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 Bastion 's argument for doing away with cross-platform development
Bastion's argument for doing away with cross-platform development
February 6, 2013 | By Simon Carless

February 6, 2013 | By Simon Carless
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More: Console/PC, Smartphone/Tablet, Indie, Design, Production, Business/Marketing



In a talk at the DICE Summit on Wednesday, Supergiant Games co-founder and studio director Amir Rao (Bastion) talked about the year-plus his team spent taking Bastion to different platforms.

Along the way, he urged the audience to get away from the concept of simultaneous 'ports' and 'lead SKU' and towards a thoughtful, non-parallel multi-platform development process.

Having worked with mixed success on simultaneously shipping PC and console games in the Command & Conquer series at Electronic Arts, Rao decided that in transitioning Bastion to new platforms, they would use a full team, not simultaneously ship, and take the time to understand the new audiences and advantages of new platforms.

Rao gave the example of Plants Vs Zombies, which he loved and bought on multiple sequential platforms, from PC through Xbox to iOS, and he feels like many people rebought on the new platforms.

In Bastion's case, the team went from Xbox to PC to tablet and smartphone, and gave the core original team plenty of time to think through the tricky issues, like taking a multitude of console and PC controls to touch.

By putting a "hard constraint" on themselves that the game be playable only with one hand, the team gave themselves a really tricky goal, but managed to do it, by having a "touch to run" mechanic. They stayed away from the virtual game pad because they wanted an experience that truly felt like it was made for the tablet, rather than hacked across, and the extra time was worth it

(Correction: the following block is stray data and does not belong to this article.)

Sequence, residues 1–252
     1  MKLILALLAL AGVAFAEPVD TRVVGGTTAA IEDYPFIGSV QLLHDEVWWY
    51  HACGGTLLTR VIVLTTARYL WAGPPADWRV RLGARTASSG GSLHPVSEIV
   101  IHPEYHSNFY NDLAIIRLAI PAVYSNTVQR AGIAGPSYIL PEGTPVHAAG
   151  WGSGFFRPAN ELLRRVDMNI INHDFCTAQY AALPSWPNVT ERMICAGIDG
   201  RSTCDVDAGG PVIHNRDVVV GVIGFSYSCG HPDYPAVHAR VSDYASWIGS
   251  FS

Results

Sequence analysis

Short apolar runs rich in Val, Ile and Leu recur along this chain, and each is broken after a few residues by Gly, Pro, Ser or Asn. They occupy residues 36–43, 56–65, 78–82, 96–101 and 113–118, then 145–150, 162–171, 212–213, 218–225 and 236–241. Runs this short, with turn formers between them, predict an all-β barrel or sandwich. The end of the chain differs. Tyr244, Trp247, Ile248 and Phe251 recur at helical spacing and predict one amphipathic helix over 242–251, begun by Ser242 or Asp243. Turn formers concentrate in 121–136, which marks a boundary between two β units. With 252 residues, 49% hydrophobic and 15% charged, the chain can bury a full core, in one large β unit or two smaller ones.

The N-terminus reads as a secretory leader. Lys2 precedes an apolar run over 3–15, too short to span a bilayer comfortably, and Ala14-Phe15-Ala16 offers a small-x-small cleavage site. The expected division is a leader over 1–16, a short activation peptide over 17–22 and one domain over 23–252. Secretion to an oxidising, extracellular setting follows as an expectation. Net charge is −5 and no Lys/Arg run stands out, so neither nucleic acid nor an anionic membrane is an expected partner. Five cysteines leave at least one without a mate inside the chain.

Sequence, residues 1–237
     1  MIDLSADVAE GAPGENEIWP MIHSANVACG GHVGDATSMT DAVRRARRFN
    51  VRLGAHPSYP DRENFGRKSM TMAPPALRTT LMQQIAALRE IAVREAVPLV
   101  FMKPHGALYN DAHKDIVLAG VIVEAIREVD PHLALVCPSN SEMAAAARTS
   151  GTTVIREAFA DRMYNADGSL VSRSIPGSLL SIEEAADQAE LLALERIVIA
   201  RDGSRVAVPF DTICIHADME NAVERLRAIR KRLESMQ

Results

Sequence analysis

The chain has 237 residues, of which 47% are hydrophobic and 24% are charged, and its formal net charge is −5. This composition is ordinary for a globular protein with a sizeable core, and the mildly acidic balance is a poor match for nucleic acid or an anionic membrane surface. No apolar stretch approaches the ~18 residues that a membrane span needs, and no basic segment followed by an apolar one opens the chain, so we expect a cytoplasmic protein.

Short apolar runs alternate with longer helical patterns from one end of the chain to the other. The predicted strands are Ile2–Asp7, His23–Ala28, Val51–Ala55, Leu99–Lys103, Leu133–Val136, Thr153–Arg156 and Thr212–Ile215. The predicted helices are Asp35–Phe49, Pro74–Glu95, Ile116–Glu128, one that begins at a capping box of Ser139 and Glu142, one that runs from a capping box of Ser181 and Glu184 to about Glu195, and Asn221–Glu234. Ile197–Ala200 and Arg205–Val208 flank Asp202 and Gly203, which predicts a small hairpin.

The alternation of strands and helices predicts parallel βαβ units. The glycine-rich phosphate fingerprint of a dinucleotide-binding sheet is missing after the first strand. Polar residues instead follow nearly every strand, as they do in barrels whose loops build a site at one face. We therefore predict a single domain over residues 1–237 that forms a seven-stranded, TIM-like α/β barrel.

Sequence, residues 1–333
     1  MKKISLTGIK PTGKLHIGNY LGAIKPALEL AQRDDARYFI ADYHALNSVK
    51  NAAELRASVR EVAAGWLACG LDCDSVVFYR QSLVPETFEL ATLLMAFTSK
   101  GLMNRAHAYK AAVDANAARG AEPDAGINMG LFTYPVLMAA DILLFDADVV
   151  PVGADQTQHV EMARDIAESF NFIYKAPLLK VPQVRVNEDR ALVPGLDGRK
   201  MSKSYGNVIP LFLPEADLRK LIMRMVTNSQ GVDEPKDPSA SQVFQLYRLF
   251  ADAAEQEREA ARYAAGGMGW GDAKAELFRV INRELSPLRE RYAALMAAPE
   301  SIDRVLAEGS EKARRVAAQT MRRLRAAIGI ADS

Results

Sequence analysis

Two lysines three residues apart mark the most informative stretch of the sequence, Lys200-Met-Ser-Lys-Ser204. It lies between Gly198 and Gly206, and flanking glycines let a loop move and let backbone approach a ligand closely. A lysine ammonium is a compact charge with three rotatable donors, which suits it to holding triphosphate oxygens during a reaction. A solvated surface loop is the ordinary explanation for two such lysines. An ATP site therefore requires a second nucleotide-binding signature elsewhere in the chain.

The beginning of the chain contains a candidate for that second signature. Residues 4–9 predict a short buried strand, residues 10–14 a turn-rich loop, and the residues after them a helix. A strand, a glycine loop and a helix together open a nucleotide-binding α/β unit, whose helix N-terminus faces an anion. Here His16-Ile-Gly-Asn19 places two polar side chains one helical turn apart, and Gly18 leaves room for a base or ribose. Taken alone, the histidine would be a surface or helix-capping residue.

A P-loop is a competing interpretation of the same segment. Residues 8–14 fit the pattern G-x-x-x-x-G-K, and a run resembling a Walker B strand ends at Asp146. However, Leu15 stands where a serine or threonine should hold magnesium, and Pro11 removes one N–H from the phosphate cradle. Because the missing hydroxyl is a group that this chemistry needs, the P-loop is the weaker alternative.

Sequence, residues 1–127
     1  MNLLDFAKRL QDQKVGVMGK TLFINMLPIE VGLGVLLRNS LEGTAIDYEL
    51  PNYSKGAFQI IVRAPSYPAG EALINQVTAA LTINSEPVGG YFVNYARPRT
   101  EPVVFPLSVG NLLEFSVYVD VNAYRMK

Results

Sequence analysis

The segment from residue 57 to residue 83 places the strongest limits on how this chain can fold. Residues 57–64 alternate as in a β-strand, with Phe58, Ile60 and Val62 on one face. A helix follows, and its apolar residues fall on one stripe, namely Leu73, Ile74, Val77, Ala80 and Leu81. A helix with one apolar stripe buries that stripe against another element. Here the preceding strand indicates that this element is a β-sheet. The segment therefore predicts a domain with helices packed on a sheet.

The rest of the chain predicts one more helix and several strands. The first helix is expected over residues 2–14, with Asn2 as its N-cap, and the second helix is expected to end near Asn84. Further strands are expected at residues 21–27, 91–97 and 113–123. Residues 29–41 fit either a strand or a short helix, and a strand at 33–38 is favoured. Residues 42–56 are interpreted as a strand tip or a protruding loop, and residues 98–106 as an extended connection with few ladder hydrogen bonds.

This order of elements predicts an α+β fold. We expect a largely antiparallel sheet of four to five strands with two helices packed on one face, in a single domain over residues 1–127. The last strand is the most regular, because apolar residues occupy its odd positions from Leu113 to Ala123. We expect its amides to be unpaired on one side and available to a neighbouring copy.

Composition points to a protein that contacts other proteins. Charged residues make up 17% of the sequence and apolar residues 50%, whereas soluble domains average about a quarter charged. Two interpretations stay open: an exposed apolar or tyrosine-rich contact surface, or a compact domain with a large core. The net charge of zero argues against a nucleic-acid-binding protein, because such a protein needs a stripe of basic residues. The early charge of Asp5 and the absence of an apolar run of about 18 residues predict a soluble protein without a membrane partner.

The point of sim-shipping, Rao suspects, is meant to be to "maximize the lightning rod of attention paid," but he then showcases the features, attention and bundles that Bastion got by not doing this. In fact, 90% of the 1.7 million copies sold of Bastion were after its first month on sale.

So, by solving the interface problems across multiple devices serially, Bastion has succeeded in a kind of video game "world tour" across separate platforms and times.

Concluding, Rao suggests that you can make an entire business model around giving fans what they want, on the platforms they want it on - "but what they don't want is a bad version of the game" on their particular platform. Your fans want you to take the "same creative energy" that went into the original game to re-imagining it to new platforms.


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